Parents are the primary educators when it comes to teaching their sons and daughters about healthy responsible sexual relationships. According to the National Campaign to Prevent Teen and Unintended Pregnancy, “Teens who are close to their parents and feel supported by them are more likely to abstain from sex, wait until they are older to begin having sex, have fewer sexual partners, and use contraception more consistently.”
The best way to protect teens is to begin talking about responsible and appropriate sexual behavior from the time they are young and to foster an atmosphere that assures teens that they can always come to their parents if they have a problem.
Family Communication Resources
- National Campaign to Prevent and Unintended Teen Pregnancy
- Get Real About Teen Pregnancy!
Protecting Teen Safety by Opposing Dangerous Mandated Notification Laws
Parents rightfully want to be involved in their teenagers’ lives, and the good news is that most teens do go to their parents when faced with an unintended pregnancy. But in the real world, parental notification laws don’t work – no law can mandate family communication.
When parental notification laws have been enacted in other states, the result has been teens postpone care until the second trimester, which is a more complex procedure.
- Guttmacher Institute, “Minors’ Behavioral Responses to Parental Involvement Laws: Delaying Abortion Until Age 18” June 2009
In states with mandated notification and judicial bypass exceptions, the obstacles facing the teen are nearly insurmountable and force them to take matters into their own hands. A scared pregnant teen who can’t tell her parents isn’t going to navigate a crowded court system and reveal intimate details about her life to an unfamiliar judge.
A scared pregnant teen doesn’t need a judge; she needs a caring counselor and safe, quality medical care, without delay.
This Bixby Center brief defines what California can learn from other states in the area of mandated parental notification and consent laws. Nationwide research is compared to California showing that California leads the nation with a higher rate of parental communication about sexual activity and a steeper decline in adolescent pregnancy, birth and abortion rates. The brief also draws conclusions about the dangerous actions teens are likely to take if parental notification were implemented in California.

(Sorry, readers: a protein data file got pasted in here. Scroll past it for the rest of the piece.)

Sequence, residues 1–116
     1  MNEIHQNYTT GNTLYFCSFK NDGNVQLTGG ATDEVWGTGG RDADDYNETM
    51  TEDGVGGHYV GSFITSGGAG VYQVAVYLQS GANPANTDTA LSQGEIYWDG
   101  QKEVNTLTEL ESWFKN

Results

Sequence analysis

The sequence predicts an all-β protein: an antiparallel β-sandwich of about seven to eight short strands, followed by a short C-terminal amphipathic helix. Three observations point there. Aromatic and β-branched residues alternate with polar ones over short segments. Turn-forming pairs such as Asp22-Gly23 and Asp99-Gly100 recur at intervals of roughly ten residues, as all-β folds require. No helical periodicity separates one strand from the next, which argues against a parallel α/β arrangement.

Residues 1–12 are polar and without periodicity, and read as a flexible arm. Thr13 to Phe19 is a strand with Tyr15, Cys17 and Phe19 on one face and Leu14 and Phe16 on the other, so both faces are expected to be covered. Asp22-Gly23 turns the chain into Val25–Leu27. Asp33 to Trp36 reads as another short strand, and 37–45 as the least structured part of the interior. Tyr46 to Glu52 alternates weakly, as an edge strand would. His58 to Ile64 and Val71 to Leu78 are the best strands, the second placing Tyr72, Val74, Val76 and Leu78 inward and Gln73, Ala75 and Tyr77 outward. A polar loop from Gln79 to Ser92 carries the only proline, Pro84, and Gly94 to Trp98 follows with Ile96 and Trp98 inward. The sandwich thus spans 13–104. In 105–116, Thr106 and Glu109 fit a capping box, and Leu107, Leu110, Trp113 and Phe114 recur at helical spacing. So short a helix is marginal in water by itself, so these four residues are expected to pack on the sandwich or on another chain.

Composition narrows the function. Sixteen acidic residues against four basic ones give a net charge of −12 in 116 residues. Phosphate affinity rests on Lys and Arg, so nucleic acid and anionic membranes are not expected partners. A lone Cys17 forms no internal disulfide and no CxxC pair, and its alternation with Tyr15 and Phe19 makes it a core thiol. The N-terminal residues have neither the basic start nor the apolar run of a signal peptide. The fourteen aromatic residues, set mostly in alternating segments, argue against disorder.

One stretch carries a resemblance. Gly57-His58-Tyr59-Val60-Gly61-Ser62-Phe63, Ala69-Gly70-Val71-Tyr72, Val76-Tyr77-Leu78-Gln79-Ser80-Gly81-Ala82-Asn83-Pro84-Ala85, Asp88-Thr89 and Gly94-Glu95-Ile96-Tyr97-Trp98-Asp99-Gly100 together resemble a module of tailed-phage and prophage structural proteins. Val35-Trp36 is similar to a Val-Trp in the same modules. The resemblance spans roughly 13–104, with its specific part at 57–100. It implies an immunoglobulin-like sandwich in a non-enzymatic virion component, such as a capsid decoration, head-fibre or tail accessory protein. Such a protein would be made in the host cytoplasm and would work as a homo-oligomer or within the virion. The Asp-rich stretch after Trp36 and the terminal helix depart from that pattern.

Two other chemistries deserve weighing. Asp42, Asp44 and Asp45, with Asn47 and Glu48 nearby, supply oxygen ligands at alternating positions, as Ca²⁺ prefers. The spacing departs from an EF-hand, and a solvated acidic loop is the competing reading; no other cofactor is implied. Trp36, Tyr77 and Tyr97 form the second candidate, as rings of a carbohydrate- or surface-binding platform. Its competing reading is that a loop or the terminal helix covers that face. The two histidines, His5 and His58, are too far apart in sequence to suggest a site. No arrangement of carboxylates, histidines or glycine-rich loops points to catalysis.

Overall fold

- Bixby Center for Reproductive Health Research & Policy, University of California, San Francisco “Adolescents & Parental Notification for Abortion” Sept 2008
In this Public Health Institute Policy Review, the Center for Research on Adolescent Health and Development outlines the implications of mandated parental notification laws.
- Public Health Institute, Center for Research on Adolescent Health and Development, “No Time for Complacency – Policy Review” Fall 2008
The California Adolescent Health Collaborative put together a brief outlining how mandated parental notification laws create barriers to time-sensitive health care.
- California Adolescent Health Collaborative, “Barriers to Care: Implications of Required Parental Involvement for California Minors Seeking Abortions” 2008
In this statement, the American Academy of Pediatrics (AAP) reaffirms its position that the rights of adolescents to confidential care when considering abortion should be protected. The statement presents a summary of pertinent current information related to the benefits and risks of legislation requiring mandatory parental involvement in an adolescent’s decision to obtain an abortion.
- American Academy of Pediatrics, Committee on Adolescence, PEDIATRICS Vol 97 No. 5 May 1996 “The Adolescent’s Right to Confidential Care When Considering Abortion” May 1996